Music

What better way to round off a multi-course musical banquet than something sweet, uplifting and not too heavy?

Everybody knows that one of the best and most enjoyable rituals of a live gig is the false ending followed by the (almost) inevitable encores, and naturally Marillion were only too happy to oblige. Being a Friars gig, there was no way they could sneak out of the building before delivering a rousing rendition of Market Square Heroes, their very first single from the dim and distant days of the early eighties. In fact, I'm pretty sure there are local bylaws compelling them to play it whenever they set foot in the smallish town where it all began. Although it's undoubtedly the most famous song about this unlikely musical mecca, Steve Hogarth did remind us that Bowie himself also tipped his hat to the very same square in the first line of Five Years.

Maybe it was because Marillion had played a mere forty-five minutes, or maybe it was the joy of going home early that gave Steve the energy to throw himself into the air with such gusto and abandon during the shouty bits of the song that launched them. Whatever the cause, he looked and sounded like he was having as much fun as the rest of us.

Naturally we were all awaiting the finale, which most of us figured had to include a Bowie number. My money was on Starman, which kind of fitted into the whole idea of the day.

Well, we did get a Bowie number, but not the one I'd imagined. Mind you, that hardly mattered less as the first unmistakable chords of Heroes filled the theatre, the sound rising to the rafters and somehow lifting us all with it.

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With the Dung Beatles and John Otway having set the bar incredibly high, there was a sense of palpable and growing excitement as the tech staff busied themselves preparing for the hugely talented Howard Jones to take the stage.

Now I can't have been the only one who had the image of a big-haired, bat-sleeved eighties keyboard wizard etched into his memory, so I doubt I was alone in my surprise when that techno minstrel's stripped down, almost lounge scale set up began to take shape. Perhaps somewhat naïvely, I'd expected banks of preassembled equipment to be wheeled onto the stage to deliver old favourites and new experiments. However, time waits for no man and so I confess my curiosity was piqued as that middle-aged but still very recognisable musician took to the stage behind a single keyboard, accompanied only by an acoustic guitar and some kind of new-fangled, multipurpose percussion pad.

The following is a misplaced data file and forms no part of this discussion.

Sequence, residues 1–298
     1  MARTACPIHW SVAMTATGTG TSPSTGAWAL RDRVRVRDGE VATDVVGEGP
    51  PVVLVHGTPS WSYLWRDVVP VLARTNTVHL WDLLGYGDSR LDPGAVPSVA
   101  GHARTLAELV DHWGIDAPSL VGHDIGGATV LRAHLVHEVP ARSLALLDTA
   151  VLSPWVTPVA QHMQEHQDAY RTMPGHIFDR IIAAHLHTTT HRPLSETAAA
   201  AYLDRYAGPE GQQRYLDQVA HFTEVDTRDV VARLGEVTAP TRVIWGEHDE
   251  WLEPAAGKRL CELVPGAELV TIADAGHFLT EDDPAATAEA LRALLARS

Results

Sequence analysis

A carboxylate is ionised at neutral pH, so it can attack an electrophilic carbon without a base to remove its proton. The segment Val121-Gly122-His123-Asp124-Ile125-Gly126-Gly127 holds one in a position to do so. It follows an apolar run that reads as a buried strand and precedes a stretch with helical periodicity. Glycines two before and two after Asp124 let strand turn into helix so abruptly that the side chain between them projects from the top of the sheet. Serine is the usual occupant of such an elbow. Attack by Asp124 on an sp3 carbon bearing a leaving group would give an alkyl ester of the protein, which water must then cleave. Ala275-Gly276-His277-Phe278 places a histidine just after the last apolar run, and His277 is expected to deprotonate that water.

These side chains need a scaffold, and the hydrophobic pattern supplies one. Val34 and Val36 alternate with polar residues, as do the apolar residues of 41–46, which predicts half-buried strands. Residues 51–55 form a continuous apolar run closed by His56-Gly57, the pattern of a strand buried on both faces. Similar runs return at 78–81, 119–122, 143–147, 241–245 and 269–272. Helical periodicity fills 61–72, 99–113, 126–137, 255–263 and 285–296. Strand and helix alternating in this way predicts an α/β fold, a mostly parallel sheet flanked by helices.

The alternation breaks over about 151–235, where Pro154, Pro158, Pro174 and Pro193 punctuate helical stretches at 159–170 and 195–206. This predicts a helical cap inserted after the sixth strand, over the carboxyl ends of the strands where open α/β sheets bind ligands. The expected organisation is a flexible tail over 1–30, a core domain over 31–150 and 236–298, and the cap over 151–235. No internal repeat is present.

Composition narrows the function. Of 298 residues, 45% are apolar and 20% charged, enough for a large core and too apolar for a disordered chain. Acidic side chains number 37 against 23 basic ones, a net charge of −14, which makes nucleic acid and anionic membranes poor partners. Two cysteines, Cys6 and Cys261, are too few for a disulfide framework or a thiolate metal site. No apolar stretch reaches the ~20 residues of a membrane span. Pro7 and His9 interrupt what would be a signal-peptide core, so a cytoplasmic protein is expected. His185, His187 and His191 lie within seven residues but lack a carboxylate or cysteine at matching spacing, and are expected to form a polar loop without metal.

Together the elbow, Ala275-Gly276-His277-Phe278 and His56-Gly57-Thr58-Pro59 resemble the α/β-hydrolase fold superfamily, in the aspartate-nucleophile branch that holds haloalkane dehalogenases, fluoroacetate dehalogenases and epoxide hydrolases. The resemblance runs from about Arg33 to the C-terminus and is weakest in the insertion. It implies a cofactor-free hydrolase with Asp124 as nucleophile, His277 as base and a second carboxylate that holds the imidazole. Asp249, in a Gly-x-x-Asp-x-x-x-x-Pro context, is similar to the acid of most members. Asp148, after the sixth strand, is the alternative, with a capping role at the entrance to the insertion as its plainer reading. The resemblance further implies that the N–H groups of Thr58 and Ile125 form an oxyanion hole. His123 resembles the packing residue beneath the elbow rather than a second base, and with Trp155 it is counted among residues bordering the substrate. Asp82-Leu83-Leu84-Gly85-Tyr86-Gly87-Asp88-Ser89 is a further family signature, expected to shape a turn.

Whether conscious or not, Jones' stripped down performance was a reflection of both the change and continuity experienced by most of his now older and hopefully wiser audience. In the same way that the concrete brutalism of Jones' heyday has been reshaped and remodelled, so his musical expression has adapted and evolved to blend in perfectly with its environment. Gone are the artificial colours and flavours of his synthesised eighties concoctions, replaced by a warmer, more organic and holistic musical output. All the old favourites were there, but reimagined in a more carbon-neutral and less overbearing package. Not too loud, not too abrasive; not too shrill and guaranteed not to upset anyone from anywhere. Yes indeed, Howard Jones' extremely competent and very watchable performance was a true reflection of the world in which we now live.

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Don't mind if I do, and lay it on thick while you're at it!

What better dish to compliment the world's first David Bowie statue than a double helping of local music talent? With no less than four top quality acts donating their fees to the statue fund, my musical taste-buds were already tingling as I took my seat in Aylesbury's impressive Waterside Theatre.

I don't like to fill up on starters, but as this was a special occasion I decided to just go with the flow. Besides, it's downright ungracious to refuse a course when the chef's showcasing his skills for free.

First up were the Dung Beatles, and if I'm honest, I can't say my expectations were all that high. After all, it's another Beatles tribute band, which is fine if you like that sort of thing. Now it may be heresy to say so, but I've never been a massive fan of the Fab Four. Maybe that's because I'm a child of the seventies and eighties, but I figured I've heard pretty much everything a tribute band could offer the boys from the Cavern Club.